[This is the title of a book due out in August. One of the authors is Pam Dix of UK Families Flight 103. The publisher, Liverpool University Press, describes the book as follows:]
Collective Conviction tells the story of Disaster Action, a small charity founded in 1991 by survivors and bereaved people from the disasters of the late 1980s, including Zeebrugge, King’s Cross, Clapham, Lockerbie, Hillsborough and the Marchioness. The aims were to create a health and safety culture in which disasters were less likely to occur and to support others affected by similar events. The founders could not have anticipated the degree to which they would influence emergency planning and management and the way people are treated after disasters.
Aware of the value of lessons learned over 22 years, the trustees felt that this corporate memory should be captured. Collective Conviction encapsulates that memory, so that it can be called upon by survivors, bereaved, government and others for years to come.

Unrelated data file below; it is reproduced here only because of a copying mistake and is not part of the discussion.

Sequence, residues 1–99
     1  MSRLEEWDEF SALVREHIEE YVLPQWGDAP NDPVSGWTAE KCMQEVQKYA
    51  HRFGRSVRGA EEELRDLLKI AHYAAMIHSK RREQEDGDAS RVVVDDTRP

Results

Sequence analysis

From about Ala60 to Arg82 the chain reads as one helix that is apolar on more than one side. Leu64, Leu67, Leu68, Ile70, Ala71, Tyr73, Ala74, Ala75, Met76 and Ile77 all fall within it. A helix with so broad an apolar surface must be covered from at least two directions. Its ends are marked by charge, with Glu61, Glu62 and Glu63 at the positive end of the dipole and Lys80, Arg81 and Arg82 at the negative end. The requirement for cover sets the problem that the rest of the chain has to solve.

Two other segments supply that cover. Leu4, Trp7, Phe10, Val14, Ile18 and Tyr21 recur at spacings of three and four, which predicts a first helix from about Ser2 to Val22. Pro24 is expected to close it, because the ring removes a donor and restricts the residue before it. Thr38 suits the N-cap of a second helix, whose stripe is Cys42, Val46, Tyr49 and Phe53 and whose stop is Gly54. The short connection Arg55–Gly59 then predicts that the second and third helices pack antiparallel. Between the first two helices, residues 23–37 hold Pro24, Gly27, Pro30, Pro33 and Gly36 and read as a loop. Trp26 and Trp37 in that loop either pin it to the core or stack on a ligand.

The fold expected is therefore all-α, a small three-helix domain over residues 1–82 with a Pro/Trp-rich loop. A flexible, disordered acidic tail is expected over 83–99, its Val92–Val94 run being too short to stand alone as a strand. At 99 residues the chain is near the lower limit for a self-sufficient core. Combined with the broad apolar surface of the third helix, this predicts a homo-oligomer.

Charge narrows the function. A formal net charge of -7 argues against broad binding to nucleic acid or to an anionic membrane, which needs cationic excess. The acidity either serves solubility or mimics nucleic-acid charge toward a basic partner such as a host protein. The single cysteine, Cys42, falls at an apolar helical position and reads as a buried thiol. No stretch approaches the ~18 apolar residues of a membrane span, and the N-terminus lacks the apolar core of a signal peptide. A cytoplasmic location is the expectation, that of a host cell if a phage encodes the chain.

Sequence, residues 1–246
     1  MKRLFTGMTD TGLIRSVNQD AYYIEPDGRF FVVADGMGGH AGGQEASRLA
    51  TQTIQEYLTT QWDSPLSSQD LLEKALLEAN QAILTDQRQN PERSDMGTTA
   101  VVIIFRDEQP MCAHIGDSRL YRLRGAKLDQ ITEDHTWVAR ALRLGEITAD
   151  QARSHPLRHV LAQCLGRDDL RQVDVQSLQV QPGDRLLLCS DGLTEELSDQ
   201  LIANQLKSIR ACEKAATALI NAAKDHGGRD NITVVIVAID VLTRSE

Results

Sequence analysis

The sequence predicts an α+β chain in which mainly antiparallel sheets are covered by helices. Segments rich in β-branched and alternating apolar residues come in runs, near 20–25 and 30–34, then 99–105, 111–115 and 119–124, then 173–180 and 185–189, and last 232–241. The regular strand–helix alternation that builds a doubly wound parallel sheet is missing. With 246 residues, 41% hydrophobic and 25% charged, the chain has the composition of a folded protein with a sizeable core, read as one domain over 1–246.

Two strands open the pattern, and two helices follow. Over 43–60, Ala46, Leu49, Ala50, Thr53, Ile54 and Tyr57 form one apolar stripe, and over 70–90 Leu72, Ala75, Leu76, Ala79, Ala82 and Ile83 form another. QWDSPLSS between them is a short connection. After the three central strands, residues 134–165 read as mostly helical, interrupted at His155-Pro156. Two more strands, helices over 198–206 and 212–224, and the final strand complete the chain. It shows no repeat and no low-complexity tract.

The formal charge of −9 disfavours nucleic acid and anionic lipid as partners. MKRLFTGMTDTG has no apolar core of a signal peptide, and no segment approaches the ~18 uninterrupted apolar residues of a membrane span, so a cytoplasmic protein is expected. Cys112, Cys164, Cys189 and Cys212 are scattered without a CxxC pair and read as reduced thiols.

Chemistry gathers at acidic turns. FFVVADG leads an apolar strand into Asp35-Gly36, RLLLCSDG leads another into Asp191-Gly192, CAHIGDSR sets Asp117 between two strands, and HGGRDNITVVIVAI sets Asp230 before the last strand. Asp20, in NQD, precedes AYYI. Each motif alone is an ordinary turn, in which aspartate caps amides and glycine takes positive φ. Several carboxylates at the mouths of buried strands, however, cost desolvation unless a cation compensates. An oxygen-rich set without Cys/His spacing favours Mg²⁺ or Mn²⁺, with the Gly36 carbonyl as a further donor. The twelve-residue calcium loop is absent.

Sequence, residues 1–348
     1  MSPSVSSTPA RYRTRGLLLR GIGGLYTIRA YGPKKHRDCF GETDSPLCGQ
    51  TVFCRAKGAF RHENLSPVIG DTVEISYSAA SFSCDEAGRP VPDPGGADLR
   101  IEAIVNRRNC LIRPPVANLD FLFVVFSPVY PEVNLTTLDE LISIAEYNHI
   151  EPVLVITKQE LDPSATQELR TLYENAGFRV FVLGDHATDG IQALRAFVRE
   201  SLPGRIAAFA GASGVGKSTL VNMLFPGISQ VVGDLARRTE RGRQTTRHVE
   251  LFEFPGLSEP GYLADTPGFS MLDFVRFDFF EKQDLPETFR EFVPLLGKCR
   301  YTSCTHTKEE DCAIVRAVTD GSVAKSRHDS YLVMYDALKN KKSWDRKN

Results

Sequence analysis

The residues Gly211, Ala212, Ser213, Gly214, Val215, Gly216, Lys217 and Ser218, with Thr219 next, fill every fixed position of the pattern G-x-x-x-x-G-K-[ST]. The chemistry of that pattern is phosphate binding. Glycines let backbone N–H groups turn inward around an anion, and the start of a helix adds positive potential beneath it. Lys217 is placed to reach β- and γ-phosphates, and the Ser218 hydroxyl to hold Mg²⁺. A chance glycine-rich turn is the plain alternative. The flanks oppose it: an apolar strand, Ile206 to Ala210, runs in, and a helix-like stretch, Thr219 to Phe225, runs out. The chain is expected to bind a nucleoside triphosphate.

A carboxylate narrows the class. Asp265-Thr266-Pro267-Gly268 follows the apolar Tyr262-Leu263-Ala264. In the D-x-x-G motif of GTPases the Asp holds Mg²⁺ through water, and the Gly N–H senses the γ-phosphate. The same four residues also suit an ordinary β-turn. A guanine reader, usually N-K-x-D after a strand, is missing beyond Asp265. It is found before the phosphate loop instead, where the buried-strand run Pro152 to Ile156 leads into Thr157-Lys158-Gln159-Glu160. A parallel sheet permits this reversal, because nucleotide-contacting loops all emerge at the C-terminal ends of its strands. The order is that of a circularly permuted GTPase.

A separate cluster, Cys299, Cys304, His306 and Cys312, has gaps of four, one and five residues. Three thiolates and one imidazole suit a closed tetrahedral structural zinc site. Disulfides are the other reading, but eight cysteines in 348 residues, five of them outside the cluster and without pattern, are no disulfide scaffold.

The book sets out the chronology of Disaster Action’s history, with first-person accounts and case studies of disasters interweaved with chapters on the needs and rights of individuals, the treatment of bereaved and survivors, inquests and inquiries, the law, the media, memorials and commemorations, and the importance of corporate memory. Additionally, the book contains guidance notes for survivors and bereaved on dealing with a disaster, and best practice guidance for responders and the media.
This book is essential reading for those in a wide range of disciplines with an interest in: planning for, responding to, reporting on and dealing with the aftermath of disaster. And importantly, people affected by disaster should find solace and support in the personal stories of others.